Recently there has been a lot of attention brought to the concept of collaboration in academia, specifically in the sciences. Gone are the days (at least in our niche) where disciplines drew a dividing line in the sand – scientists keep to one side of the room, humanities, you go play in the other corner, etc… We understand that there cannot be one without the other and the more we can begin to build a “common language,” the better off we will be as researchers, academics, students and all around everyday people.
One of the many areas that the Oncofertility Saturday Academies (OSA) held throughout the country. Young women in high school from diverse backgrounds are engaged in the basic sciences, the social sciences and the humanities. We open up our lab and say, “please come in, we’d like to show you what we’re doing and teach you how to be a better scientist too.”has implemented a collaborative paradigm is in the
Some areas we focus on in our Saturday Academy along with lab work are the ethical, social, legal and religious implications of oncofertility research. Dr. Laurie Zoloth, member and Professor of Medical Humanities and Bioethics at Northwestern University, has been a key component of the Ethics curriculum in OSA over the last 5 years. According to Dr. Zoloth, “one of the most important things about doing research in reproductive health is thinking about the implications for human societies, human communities and the ethical implications that each individual faces.”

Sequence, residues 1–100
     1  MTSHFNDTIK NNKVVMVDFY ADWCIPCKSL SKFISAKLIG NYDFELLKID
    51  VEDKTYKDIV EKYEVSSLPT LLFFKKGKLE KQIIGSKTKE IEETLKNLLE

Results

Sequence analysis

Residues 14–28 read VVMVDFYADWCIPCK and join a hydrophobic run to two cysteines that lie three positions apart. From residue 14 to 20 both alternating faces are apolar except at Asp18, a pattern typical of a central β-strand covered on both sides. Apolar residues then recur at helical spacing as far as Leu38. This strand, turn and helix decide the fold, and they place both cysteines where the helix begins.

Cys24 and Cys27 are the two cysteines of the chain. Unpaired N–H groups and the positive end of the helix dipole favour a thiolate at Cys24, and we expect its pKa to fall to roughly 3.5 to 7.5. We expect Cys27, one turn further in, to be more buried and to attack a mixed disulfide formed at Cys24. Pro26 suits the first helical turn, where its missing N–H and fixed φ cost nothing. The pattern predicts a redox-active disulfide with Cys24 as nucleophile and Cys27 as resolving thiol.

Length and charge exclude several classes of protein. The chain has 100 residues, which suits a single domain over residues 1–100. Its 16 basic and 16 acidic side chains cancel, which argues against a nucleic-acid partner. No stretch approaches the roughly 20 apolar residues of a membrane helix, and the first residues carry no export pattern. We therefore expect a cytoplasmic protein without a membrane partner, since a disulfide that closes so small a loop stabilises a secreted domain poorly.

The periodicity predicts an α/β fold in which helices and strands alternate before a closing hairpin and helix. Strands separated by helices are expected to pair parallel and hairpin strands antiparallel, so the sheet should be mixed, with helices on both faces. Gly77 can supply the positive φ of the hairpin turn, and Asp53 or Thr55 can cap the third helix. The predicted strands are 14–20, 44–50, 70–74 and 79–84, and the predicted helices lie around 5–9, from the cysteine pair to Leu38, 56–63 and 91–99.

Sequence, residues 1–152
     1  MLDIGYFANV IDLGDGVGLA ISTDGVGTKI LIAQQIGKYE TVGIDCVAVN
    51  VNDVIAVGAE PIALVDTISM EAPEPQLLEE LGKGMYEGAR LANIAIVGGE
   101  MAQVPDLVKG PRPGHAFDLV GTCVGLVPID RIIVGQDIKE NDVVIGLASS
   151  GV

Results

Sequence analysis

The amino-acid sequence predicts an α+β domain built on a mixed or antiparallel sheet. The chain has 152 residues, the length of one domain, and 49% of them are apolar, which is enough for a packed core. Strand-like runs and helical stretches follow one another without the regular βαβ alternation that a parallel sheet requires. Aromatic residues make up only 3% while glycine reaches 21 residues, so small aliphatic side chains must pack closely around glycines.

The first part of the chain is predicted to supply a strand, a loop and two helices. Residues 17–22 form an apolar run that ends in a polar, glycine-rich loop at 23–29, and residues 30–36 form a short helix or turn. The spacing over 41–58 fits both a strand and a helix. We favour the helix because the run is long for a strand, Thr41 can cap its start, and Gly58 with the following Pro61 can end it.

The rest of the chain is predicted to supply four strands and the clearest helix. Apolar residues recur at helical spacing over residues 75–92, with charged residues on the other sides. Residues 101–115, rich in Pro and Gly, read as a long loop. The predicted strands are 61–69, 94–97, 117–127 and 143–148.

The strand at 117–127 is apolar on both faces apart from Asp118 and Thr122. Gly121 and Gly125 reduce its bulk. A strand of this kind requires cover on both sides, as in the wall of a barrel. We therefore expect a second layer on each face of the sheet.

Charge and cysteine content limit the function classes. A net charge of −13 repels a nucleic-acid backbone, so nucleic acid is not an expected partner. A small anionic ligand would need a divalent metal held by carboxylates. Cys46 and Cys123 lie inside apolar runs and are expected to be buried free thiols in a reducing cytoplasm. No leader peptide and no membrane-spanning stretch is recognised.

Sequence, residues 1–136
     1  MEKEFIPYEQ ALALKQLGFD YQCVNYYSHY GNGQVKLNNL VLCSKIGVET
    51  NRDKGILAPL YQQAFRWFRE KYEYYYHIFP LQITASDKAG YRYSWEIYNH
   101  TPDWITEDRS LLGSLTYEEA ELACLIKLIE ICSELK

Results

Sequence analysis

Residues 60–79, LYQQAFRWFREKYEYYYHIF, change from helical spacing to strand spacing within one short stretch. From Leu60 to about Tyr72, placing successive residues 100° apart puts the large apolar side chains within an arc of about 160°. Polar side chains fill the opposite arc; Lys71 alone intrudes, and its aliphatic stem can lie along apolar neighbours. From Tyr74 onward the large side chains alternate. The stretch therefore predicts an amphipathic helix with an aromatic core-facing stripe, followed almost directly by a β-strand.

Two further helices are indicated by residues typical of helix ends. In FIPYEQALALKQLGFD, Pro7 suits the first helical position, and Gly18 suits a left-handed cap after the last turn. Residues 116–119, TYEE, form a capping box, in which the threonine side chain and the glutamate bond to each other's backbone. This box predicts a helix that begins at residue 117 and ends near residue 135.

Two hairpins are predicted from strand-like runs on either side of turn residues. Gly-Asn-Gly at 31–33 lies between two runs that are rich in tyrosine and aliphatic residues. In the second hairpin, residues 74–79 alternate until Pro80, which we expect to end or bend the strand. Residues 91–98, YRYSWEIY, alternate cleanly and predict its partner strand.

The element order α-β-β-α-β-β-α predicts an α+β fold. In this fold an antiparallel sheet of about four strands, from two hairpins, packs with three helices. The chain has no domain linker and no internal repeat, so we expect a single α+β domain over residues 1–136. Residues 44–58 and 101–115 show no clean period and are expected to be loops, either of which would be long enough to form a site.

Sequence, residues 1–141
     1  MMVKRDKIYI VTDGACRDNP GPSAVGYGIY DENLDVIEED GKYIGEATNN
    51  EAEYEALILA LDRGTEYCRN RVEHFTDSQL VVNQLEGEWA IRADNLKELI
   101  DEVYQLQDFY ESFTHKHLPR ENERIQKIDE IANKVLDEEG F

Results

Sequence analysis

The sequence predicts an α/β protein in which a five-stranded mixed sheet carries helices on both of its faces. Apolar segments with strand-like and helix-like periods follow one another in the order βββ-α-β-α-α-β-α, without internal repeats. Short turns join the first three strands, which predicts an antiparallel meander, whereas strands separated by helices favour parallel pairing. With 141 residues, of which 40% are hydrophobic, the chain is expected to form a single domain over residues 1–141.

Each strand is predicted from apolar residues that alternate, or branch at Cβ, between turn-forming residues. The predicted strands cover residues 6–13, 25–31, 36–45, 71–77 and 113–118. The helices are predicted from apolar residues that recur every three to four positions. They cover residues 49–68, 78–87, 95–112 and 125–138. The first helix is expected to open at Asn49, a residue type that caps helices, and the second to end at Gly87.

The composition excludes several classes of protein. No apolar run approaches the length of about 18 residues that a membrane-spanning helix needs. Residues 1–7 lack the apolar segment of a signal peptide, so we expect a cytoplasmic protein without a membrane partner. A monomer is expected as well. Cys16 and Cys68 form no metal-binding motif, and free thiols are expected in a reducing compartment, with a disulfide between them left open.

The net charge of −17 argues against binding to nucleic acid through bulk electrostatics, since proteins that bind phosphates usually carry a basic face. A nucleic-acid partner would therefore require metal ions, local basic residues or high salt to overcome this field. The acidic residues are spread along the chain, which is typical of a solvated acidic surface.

Dr. Zoloth and her students put together a 2-hour course for the young women, introducing them to basic definitions, theory and a case-based method of ethical decision-making in order to demonstrate the complicated and important questions that oncofertility raises. Dr. Zoloth says, “the attempt of our section is to broaden their understanding of the competing and sharply different moral arguments that attend to this research so that they know what the basic definitions, initial conversations, and arguments that have been made to objections raised from religion and moral philosophy are to this kind of research.”
At the, we believe that it is imperative that the future of science be a collaborative initiative and this is the basis through which we developed our national OSA program 5 years ago. According to Dr. Zoloth, “the complex decisions that are invoked by their [research] have to be apart of their science as well. So we teach [the girls] right along with the science, so they’ll understand how intertwined the work of a scientist is with the concerns of their society.”
Stay tuned for Part 2…
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